Your pelvis is the large, complicated ring of bone that connects your legs and your backbone. It's actually made of several different bones held together by ligaments. Any of the bones in your pelvis can break. All broken bones are considered fractures. For more information, see Overview of Broken Bones.
A broken pelvis can be very serious depending on which bones are broken and how badly
A broken pelvis is painful, even when you're sitting or lying down
Severe pelvic fractures can cause heavy bleeding and other internal injuries
Depending on the type of fracture, doctors may treat you with just bed rest or you may need surgery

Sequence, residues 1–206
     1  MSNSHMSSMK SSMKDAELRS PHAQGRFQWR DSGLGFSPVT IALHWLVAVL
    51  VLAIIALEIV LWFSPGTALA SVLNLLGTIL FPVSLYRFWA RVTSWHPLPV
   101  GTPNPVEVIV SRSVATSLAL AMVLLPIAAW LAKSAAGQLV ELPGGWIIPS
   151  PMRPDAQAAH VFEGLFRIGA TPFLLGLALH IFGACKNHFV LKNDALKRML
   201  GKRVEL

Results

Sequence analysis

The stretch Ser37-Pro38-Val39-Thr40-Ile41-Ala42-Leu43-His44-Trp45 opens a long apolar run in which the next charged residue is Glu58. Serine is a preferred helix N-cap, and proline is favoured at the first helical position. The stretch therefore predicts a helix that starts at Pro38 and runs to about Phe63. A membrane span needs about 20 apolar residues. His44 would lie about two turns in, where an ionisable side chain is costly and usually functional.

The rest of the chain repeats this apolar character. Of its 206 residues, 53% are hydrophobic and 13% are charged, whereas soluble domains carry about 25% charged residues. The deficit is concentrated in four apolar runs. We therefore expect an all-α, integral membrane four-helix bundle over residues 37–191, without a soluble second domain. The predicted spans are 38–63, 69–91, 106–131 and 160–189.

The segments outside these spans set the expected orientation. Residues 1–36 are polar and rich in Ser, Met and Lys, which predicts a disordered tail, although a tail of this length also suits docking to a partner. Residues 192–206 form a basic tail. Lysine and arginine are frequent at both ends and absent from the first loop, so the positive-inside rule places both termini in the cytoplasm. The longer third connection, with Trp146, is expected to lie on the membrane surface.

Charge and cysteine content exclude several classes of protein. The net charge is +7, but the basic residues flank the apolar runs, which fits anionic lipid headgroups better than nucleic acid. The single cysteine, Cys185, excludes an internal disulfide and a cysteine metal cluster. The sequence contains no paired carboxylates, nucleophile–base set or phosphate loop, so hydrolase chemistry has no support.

In young people, pelvic fractures are usually caused by:
Older people can get a broken pelvis from less severe injury, such as falling when they:
Osteoporosis weakens your bones and makes your pelvis more likely to fracture if you fall.
Doctors will treat a minor pelvic fracture by having you:
Doctors treat a severe pelvic fracture by first stabilizing the pelvis by wrapping it in cloth or a brace. Then doctors will:
If you still have lots of bleeding, your doctor may try:
Embolization: Your doctor injects the bleeding blood vessels with something that can block the vessel and stop the bleeding
Pelvic packing: Your doctor does surgery to put materials in your pelvic area that soak up the blood and put pressure on the blood vessels to help them stop bleeding—once the bleeding stops a few days later, your doctor will do surgery again to take out the materials and fix your broken pelvis bones
After the broken bone heals, you'll need to do rehab exercises to get your strength back.